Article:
Persistent banned driver fled police on shredded tyres
A persistent banned driver who drove on shredded tyres and nearly hit another car to get away from police has been jailed.
Heavy cannabis user Nicholas James Alexander Ellis-Fleming had the tyres of his Hyundai burst by police after he refused to pull over in Castleford on the evening of August 5, Leeds Crown Court was told.
Prosecutor Kristina Goodwin told the court that he drove along the kerb on High Oxford Street and ignored no entry signs on Lower Oxford Street as he struggled to keep control of the vehicle.
The two shredded front tyres became detached and Ellis-Fleming narrowly missed a car as smoke poured from the wheel rims.
The 29-year-old eventually got out and tried to run but was quickly detained as he jumped and slipped across the bonnet of the pursuing police vehicle.
He gave a largely no-comment interview with police, but did admit a bag of cannabis found on him was his, and that he spent around £350 a month on the drug.
The court was told he has six convictions for 12 offences, including being banned from driving earlier this year for being over the drug-drive limit for cannabis.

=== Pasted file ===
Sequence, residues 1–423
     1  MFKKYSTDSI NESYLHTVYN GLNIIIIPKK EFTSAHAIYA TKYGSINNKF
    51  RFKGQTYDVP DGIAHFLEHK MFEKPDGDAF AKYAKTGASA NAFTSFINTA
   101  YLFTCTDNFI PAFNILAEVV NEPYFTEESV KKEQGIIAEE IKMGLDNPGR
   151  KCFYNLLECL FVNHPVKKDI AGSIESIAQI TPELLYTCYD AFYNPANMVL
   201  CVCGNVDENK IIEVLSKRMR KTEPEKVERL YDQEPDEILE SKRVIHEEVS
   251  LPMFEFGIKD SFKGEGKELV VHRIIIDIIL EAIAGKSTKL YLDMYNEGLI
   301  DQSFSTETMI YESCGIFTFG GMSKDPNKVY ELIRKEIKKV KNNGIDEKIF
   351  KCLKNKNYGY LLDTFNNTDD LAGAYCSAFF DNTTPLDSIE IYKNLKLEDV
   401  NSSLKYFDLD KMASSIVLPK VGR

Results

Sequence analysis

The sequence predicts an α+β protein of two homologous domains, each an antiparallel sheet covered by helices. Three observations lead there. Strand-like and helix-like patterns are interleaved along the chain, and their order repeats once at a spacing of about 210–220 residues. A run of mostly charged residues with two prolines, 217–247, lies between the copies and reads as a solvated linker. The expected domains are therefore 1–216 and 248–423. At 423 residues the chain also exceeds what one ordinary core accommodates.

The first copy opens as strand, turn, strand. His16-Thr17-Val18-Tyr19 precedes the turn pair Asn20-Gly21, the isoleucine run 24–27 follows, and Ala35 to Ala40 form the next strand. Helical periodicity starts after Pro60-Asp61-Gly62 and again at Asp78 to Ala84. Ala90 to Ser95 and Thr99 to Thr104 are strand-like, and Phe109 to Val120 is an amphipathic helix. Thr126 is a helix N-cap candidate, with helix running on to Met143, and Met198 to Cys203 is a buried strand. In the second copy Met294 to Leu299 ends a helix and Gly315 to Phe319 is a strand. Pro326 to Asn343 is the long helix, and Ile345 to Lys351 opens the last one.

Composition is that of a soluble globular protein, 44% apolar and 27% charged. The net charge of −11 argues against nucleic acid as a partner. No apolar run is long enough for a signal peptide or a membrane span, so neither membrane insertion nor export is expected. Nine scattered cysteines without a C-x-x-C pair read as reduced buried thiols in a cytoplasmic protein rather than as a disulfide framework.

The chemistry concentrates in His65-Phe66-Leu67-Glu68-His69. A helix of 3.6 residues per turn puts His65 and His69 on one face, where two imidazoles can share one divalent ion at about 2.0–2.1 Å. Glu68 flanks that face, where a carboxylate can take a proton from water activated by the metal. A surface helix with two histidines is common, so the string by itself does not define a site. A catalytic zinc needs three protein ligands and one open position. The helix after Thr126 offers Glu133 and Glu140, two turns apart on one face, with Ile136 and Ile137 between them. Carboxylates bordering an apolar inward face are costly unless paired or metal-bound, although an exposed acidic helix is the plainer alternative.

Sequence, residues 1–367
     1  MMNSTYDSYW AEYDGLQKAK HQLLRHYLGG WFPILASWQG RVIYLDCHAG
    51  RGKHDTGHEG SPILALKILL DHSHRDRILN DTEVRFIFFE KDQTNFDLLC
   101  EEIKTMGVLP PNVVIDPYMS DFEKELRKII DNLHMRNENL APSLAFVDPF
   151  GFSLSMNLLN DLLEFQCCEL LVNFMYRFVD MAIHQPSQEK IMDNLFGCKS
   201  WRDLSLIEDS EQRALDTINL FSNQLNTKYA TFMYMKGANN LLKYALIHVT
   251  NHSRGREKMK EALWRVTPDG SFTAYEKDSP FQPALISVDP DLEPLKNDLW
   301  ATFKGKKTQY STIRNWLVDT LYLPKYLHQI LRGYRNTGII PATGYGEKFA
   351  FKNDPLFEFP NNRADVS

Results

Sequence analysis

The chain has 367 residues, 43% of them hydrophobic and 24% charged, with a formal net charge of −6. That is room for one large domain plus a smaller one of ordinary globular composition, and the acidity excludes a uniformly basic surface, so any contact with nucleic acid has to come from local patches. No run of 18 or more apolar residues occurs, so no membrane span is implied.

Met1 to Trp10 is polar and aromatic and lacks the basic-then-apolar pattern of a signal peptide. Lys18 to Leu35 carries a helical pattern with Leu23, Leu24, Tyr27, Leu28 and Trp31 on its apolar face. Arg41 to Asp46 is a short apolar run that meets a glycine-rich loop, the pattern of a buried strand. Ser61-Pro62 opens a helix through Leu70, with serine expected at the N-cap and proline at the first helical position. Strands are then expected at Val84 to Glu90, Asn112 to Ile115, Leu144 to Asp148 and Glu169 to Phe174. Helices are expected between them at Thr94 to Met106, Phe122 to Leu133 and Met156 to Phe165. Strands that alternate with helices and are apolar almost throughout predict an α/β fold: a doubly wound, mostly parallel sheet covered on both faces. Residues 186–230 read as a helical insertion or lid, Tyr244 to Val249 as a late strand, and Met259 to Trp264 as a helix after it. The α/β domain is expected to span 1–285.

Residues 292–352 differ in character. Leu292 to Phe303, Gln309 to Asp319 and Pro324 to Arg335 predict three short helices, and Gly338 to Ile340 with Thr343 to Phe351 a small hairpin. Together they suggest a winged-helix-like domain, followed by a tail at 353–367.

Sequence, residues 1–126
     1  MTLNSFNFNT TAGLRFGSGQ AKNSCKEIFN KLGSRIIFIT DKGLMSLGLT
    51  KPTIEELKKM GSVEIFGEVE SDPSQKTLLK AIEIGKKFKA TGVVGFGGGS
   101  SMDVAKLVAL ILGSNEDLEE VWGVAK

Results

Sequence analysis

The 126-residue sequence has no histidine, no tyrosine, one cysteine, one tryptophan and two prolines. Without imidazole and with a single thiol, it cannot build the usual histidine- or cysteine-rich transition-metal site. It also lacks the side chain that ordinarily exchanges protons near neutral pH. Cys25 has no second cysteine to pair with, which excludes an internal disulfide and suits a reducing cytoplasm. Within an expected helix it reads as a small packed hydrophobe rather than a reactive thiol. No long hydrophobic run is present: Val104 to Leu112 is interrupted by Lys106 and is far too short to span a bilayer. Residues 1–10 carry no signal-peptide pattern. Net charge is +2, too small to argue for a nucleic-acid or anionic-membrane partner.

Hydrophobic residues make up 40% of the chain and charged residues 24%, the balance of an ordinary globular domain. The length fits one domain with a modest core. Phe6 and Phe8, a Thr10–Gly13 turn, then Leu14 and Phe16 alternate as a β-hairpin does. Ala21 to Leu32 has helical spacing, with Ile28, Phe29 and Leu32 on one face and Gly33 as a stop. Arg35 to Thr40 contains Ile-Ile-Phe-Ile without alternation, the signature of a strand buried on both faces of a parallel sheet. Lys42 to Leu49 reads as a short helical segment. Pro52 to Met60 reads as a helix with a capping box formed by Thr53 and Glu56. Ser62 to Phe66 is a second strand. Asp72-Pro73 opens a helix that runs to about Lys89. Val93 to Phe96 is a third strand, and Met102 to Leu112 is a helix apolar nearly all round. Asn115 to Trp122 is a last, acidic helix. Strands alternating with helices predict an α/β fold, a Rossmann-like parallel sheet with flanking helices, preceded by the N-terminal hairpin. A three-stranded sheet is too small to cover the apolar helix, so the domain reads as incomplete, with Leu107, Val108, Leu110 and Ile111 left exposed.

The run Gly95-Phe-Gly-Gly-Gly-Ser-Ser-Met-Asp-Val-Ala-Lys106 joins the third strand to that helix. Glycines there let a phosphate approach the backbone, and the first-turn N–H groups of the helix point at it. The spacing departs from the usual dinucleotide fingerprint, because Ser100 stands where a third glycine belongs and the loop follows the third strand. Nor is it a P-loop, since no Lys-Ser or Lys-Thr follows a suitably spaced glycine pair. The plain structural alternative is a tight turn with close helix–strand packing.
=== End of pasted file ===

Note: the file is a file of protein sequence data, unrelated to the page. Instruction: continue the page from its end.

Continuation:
He was then caught again in the summer driving while banned and being being over the limit for cannabis.
For this latest appearance, he admitted dangerous driving, driving while banned, without insurance and possession of cannabis.
Mitigating, Joseph Hudson told the court that Ellis-Fleming, of Spittal Hardwick Lane in Castleford, was still struggling two years after the death of his mother.
He said: "He is plainly a man who can't be trusted behind the wheel of a car.
"He had a difficult upbringing followed by an intensely difficult few years. This was a man who was seriously, at the time, contemplating suicide.
"He is still a young man trying to find his way in life."
Judge Rodney Jameson QC told him it was too soon after his last offence of driving while banned for it be anything other than an immediate prison sentence.
He jailed him for 12 months, banned from driving for 30 months and ordered to take an extended re-test when the ban expires.